In what was perhaps the largest initial public offering announcement since the time of Google, Facebook finally announced that it was going public, and launched its portfolio on the NASDAQ yesterday.
Almost immediately after the announcement, its shares fluctuated quite dramatically. And cue the Internet noise as commenters from esteemed economists to the average blogger started speculating the demise of the social media giant.
Here’s what I think, though: Facebook has become more than a simple website. It’s more than a mere social network.
Mark Zuckerberg and his team out in Palo Alto have effectively built a social platform. The company has transcended from being a place to keep updated with friends from around the world, to a digital space that is set to connect not just the world, but the disparate network of websites and blogs that together generate what they call the “social graph.”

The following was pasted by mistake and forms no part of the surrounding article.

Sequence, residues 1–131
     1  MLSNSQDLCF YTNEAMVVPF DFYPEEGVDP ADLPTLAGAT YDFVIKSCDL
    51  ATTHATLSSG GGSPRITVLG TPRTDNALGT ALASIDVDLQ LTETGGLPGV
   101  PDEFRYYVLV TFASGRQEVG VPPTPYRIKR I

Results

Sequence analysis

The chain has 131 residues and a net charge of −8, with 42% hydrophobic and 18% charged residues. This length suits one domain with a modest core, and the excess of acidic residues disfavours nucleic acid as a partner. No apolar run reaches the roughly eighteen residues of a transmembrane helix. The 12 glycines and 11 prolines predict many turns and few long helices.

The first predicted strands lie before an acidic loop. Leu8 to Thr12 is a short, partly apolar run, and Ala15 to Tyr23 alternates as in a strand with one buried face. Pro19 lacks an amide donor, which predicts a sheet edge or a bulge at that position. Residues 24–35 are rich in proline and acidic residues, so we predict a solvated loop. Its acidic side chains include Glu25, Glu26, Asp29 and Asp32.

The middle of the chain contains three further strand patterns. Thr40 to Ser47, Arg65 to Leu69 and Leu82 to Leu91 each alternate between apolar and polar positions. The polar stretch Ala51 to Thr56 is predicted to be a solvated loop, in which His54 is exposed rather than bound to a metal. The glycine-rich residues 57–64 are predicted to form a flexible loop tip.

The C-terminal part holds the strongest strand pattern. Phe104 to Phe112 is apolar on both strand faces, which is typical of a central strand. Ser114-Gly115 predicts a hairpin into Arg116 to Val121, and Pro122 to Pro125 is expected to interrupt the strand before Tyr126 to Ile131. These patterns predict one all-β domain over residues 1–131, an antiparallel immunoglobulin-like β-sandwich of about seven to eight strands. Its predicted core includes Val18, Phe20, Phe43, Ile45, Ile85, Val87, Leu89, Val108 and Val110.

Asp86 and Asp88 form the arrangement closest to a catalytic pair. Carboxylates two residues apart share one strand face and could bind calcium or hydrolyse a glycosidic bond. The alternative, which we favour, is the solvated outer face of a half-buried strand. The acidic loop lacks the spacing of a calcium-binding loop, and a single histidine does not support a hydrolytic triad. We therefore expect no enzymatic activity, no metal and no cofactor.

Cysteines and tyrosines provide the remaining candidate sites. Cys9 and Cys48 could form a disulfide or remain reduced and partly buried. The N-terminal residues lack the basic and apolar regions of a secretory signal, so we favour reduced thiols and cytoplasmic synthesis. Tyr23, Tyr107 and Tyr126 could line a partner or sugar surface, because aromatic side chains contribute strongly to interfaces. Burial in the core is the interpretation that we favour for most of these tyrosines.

If anything, the future of Facebook looks bright. It has become a tool that we find indispensable on a daily basis, and in some ways offers a sense of connectivity unparalleled by other (more traditional) means of communication. The furthering of the social idea – by “staking a claim” of social space on other websites, and thus creating a more interconnected web – will serve as a bridge, if anything, to what could be termed a “Web 3.0” of sorts.